Those smartphones that so many of us carry around all day allow us (and others) to track unprecedented amounts of information about ourselves. They can generate seemingly endless streams of data about a wide range of our daily activities such as the people we contact, how many steps we take each day and where we’ve been. It turns out that our phones are also collecting another type of very personal information about us: namely our DNA.
A new study by researchers from the University of Oregon titled “Mobile phones carry the personal microbiome of their owners” and published by PeerJ, looked at the biological connection between people and their phones. They hypothesized that the collection of bacteria on the touch screen of a smartphone will reflect the bacteria found on the fingers of its owner. To test this hypothesis, the researchers swabbed the fingers of 17 volunteers, as well as the touch screens of their phones. Contents of the swabs from the fingers and phones were then analyzed using statistical methods.
They had three main findings:
The bacteria on phones reflect frequent human contact
As suspected, the researchers found a high correlation between the bacteria on the phones and those on the participants’ fingers. Specifically, 22% of the bacterial OTUs (operational taxonomic units, the metric used by the researchers) on the subjects’ fingers were also on their phones. However, 82% of the the most common bacteria found in participants, those representing more than 0.1% of a single person’s dataset, were also found on their phones. Contrary to what you may think, washing hands had no effect on the correlation between bacteria on the phone and that on subjects’ fingers.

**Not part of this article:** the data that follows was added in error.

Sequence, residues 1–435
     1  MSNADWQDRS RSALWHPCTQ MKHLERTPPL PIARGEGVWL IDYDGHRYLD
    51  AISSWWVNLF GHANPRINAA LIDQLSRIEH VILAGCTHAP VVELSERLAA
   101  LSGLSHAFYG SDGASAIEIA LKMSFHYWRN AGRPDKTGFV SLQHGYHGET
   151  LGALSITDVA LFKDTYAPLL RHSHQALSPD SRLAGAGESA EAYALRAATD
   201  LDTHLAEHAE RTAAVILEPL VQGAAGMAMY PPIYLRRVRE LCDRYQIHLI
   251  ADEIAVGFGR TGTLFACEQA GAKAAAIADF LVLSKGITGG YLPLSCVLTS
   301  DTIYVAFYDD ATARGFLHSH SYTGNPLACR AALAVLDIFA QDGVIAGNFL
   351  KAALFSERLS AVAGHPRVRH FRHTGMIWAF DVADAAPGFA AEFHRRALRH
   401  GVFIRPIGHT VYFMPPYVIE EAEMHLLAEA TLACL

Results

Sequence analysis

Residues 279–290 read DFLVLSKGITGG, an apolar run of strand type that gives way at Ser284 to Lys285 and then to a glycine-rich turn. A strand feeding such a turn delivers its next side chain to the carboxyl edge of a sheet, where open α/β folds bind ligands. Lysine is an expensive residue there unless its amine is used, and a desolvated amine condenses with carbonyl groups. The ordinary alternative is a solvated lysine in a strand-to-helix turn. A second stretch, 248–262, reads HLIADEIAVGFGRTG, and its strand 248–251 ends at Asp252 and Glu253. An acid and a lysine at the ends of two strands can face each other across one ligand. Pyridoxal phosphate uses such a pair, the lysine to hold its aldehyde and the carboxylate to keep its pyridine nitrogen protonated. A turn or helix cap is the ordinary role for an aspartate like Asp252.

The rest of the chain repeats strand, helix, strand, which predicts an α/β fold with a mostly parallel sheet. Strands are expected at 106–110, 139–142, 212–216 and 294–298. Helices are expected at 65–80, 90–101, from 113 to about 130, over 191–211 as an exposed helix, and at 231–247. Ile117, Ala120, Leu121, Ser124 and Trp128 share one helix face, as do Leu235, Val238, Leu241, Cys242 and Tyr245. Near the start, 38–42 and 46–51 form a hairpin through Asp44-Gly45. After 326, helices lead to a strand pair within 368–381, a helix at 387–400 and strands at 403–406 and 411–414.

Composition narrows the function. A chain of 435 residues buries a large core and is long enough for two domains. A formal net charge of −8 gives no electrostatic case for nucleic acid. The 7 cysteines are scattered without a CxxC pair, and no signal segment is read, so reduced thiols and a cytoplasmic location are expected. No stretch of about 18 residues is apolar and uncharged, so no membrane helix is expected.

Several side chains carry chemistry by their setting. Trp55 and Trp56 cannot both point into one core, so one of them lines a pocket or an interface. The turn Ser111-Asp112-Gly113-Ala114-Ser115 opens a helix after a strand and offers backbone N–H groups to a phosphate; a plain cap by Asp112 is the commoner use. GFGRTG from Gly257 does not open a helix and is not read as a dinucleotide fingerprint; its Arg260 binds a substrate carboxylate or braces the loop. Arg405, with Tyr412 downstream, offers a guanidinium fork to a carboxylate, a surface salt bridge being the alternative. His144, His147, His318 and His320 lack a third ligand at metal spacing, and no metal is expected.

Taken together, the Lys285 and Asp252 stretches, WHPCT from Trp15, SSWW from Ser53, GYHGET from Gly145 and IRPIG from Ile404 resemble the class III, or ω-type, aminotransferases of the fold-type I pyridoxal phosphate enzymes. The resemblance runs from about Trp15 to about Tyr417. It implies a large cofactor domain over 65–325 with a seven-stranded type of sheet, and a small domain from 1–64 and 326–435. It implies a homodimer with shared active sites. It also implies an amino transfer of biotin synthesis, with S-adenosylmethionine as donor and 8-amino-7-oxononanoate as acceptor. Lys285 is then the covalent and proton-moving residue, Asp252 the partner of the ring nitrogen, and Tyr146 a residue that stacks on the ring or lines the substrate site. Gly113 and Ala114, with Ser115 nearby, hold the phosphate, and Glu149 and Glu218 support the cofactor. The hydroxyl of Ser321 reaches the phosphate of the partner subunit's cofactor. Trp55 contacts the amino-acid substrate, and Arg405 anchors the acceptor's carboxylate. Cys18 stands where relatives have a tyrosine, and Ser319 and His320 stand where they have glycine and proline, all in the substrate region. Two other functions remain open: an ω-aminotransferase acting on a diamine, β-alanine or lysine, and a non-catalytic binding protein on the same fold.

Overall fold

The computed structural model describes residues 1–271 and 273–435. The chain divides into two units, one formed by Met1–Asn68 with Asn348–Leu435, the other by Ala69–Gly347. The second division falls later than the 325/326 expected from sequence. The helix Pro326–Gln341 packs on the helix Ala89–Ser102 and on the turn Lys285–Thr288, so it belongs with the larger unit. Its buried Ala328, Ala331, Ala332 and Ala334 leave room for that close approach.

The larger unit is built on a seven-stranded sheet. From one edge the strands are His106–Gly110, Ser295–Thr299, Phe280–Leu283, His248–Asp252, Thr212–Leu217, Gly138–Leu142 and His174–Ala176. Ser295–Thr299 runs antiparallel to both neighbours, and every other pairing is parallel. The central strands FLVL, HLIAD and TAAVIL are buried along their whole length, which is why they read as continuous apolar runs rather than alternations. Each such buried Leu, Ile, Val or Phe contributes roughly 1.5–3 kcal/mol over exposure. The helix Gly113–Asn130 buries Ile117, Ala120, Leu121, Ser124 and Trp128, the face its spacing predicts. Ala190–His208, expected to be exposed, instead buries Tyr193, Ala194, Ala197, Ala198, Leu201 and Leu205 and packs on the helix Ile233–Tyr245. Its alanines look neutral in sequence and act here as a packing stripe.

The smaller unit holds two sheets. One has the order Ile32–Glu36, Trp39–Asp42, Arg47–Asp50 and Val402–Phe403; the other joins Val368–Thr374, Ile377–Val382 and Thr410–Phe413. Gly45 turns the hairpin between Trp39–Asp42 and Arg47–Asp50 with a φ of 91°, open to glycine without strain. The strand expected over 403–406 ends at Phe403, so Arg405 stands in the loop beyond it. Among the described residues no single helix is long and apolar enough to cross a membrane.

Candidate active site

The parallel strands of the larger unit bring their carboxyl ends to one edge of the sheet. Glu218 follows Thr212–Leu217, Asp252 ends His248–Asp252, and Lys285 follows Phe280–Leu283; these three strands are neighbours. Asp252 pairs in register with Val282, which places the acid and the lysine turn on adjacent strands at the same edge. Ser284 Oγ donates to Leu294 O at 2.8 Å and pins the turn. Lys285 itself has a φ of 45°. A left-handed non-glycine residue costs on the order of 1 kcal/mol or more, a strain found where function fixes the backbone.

The bacteria on a person’s phone reflect that specific person more than others
The researchers tested whether the bacteria a phone resembled the microbes from its owner more than those from other people. The answer was, not surprisingly, yes; each participant’s index finger shared, on average, 5% more bacteria with that person’s phone than with others’ phones.
Women are more biologically connected to their phones than men
Interestingly, while all participants shared bacteria with their phones, there was a difference between the amount men shared and the amount women shared. The researchers did not find a statistically significant difference between the bacterial community composition on a woman’s index finger and that on her smartphone, while they did find a difference for the men. That is, women seem to have more bacteria in common with their phones than men do. The authors did not offer for a theory for the cause of this difference.
Based on these results, the authors argue that our smartphones “hold untapped potential as personal microbiome sensors.” They also suggest that swabbing our phones could enable larger scale microbial studies which more invasive sampling methods might restrict. Combined with cheaper DNA sequencing technology, smartphones could also be used for things like easily screening health care workers for pathogens and to generally help us to better understand what kind of microbes we’re exchanging with our environment on a daily basis.
Interesting! It seems like there are a number of potential positive implications of this research. On the other hand, I imagine that the thought of somebody being able to learn a lot about you by swabbing your smartphone screen may give people worried about privacy one more thing to keep them up at night.
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